Hennessey et. al.’s example of Classical conditioning in paramecia (1979) is a “willy-nilly” approach to conditioning that actually exemplifies operant conditioning (see Rescorla, 1988). However, it is typical of misrepresentations where explicitly unpaired stimuli are used, but cause and effect is still reported.
This willy-nilly approach to cause and effect is also the approach commonly used by animal trainers and behaviorists who have bastardized the concept of Pavlovian (aka classical) conditioning. However, receptor-mediated events are required to demonstrate classical conditioning. Since there was no evidence of a receptor-mediated event in the paramecia, the authors rightfully commented on the likelihood that a forthcoming invertebrate model might best differentiate classical conditioning from the willy-nilly operant conditioning, like tone and shock pairing (Rescorla, 1988). The problem with discussion of conditioning in paramecia is that the observed behavioral change cannot be attributed to synaptic interactions.
That problem established the basis for my use of the honeybee model organism as an invertebrate species that links receptor-mediated cause and effect to behaviors in species from microbes to man (Kohl, 2012). In the classical conditioning of honeybees and people, sensory stimuli from the environment must epigenetically alter intracellular signaling and stochastic gene expression. These epigenetic effects occur due to nutrient chemicals and pheromones in microbes. But in the honeybee model organism and in other models of brain-directed classically conditioned behavior, the epigenetic effects of nutrient chemicals and pheromones occur via receptor-mediated events in hormone-secreting nerve cells of brain tissue. These receptor-mediated events are required to link sensory stimuli directly to classically conditioned hormone-driven behavioral affects (i.e., via the effects of the sensory stimuli on hormones).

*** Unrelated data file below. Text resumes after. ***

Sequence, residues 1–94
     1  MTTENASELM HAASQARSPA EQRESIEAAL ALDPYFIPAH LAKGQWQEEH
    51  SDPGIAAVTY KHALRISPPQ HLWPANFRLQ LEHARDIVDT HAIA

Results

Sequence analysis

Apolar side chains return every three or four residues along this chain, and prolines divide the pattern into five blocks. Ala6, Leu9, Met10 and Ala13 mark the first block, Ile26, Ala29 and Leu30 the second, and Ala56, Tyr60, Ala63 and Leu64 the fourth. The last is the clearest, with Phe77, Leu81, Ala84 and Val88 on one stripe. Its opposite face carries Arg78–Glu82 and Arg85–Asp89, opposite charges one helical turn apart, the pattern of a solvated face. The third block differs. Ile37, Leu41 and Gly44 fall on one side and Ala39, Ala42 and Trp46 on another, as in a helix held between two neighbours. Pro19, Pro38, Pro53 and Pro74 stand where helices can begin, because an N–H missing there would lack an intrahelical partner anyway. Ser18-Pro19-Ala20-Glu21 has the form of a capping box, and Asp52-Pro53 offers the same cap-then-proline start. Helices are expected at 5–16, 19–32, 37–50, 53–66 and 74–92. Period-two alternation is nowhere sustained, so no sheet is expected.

People who are not familiar with the basic principles of biology and levels of biological organization may continue to assert that classical conditioning was demonstrated in paramecia despite the willy-nilly tone (i.e., a vibratory tone) and shock pairing that characterizes operant conditioning, and that also distinguishes it (e.g., as training) from receptor-mediated classical conditioning. Others, like me, who have learned how to model behavioral development using the molecular biology that is common to all species, will continue to laugh at any assertions that willy-nilly tone and shock pairing is classical conditioning.
The willy-nilly approach is also silly in the context of any attempt to demonstrate more than a correlate of animal training. Those who are interested in learning about cause and effect may therefore want to differentiate classical conditioning from operant conditioning. We can do so by referring to classical conditioning as Pavlovian conditioning, which it is, and referring to operant conditioning as willy-nilly silly conditioning, which it is.